Russian President Vladimir Putin (left) and Prime Minister Dmitry Medvedev before a meeting with government members, Moscow, Russia, January 15, 2020. Photo: EPA-EFE / DMITRY ASTAKHOV / POOL

Why the Government Was Dismissed and What Happens to Medvedev

The news of the dismissal of the Russian government has come as a surprise to Cabinet members, sources in the government told Novaya Gazeta publication. "Everyone is in shock, the question is what's next," one of them said.

“No ministry knew anything about their future dismissal, even at the highest level. Moreover, my colleagues from the Presidential Administration were also unaware. Perhaps it was a largely spontaneous decision. Either Putin and Medvedev decided everything among themselves, or Medvedev sulked off and decided that he’s sick of it,” another source added.

Fedor Krasheninnikov believes that the dismissal of the Medvedev government is due to a lack of people’s trust. Putin has proposed to Medvedev the non-existent post of deputy chairman of the Security Council of the Russian Federation. This is a clear downgrade for the former prime minister.

“The new post for Medvedev is, in fact, a ritual humiliation. They could have made him the head of the Constitutional Court, but instead made him [Nikolai] Patrushev’s deputy,” Krasheninnikov said.

Vladimir Putin is the President of the Security Council. The Security Council of the Russian Federation ensures security and control of state policy, assesses the military danger and military threat, and devises measures to neutralize them.

Georgy Satarov, a publicist and political scientist, a participant in the Constitutional meeting on the drafting of the new Constitution of the Russian Federation in 1993-1994, commented to Hromadske that the government was dissolved due to the need to make the economy earn money again, and this requires a different government with certain political capabilities: “The transition of Russian power started today. And this is attributed to the need for stability. Putin is afraid of instability, and transition is an unstable state of the system. At the same time, everyone is aware that transition is inevitable. All these amendments to the constitution are aimed at ensuring transition, and making the process as seamless as possible, with a return to a stable state.”

At the same time, Satarov is convinced that Medvedev's new position will play an important role in this scenario.

“This transition program was clearly not designed by the Kremlin’s top security chiefs. Therefore, control over security forces is needed now. To that end, Medvedev, one of Putin's most trusted men, is being introduced into the Security Council, the body that controls the security forces,” Satarov said.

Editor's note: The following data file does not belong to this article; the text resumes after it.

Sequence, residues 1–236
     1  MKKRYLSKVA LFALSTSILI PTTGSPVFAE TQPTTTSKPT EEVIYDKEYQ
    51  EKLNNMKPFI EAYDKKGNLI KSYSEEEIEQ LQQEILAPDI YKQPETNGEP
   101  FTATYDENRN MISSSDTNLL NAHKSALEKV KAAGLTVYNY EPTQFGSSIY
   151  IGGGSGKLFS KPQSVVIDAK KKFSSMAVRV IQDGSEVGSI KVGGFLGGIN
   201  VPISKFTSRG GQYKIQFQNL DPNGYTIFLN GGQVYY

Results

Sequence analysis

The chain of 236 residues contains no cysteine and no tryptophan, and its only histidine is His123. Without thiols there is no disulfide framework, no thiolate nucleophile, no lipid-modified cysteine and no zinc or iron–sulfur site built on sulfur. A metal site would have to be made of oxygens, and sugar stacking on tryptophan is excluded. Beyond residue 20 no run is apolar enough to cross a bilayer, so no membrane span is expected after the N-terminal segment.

Medvedev now holds an absolute record for a prime minister's term in the recent Russian history – he was appointed on May 8, 2012 and spent more than seven years and eight months in office.

Two hours after the dismissal of the government, Putin nominated Mikhail Mishustin, the head of the Federal Tax Service of Russia and essentially a little-known official who had held the post since 2010, to be the prime minister. On January 16, the State Duma MPs approved Mishustin's candidacy. 383 deputies voted in favor, 41 - abstained, and none opposed.

The Bell outlet noted in its article that "Mishustin is an effective technocrat: in 10 years in office, he made the Russian tax office one of the most technically equipped and progressive in the world."

“The new government will be technical, and it will do technical things. There will be no bright figures”, Krasheninnikov confirmed the decorative future of the cabinet.

What the New Governing System Will Look Like

According to Krasheninnikov, large-scale changes in the structure of power mean that Putin is essentially trying to carry out a constitutional revolution. When the constitution is rewritten – and this would be done through several constitutional laws that will amend it – a new regime will emerge.

“There are now two options: a very strong PM (Putin) with a decorative president or the head of the State Council, who concentrates all power in his hands,” he said.

At the same time, he is convinced that the Kremlin never really considered seriously the option of integration with Belarus on the eve of 2024 and the end of Putin's fourth term. “It was a cover-up for the transition option that was proposed today. They need everyone to think that Putin is interested in something outside the Russian Federation, when in fact, he isn’t. He is only interested in maintaining power. As soon as it became clear that (Alexander) Lukashenko was not going to surrender Belarus, everything was folded,” Krasheninnikov believes.

Satarov compared the Kremlin's new scenario with what happened in Kazakhstan last year. 

“After the transition, Putin plans to stay above the conflict and guarantee stability, like [Nursultan] Nazarbayev now. Perhaps, in the status of the head of the State Council, who will have real power.”

/Original report by Vsevolod Lazutin, Yana Sedova, Natalia Tikhonova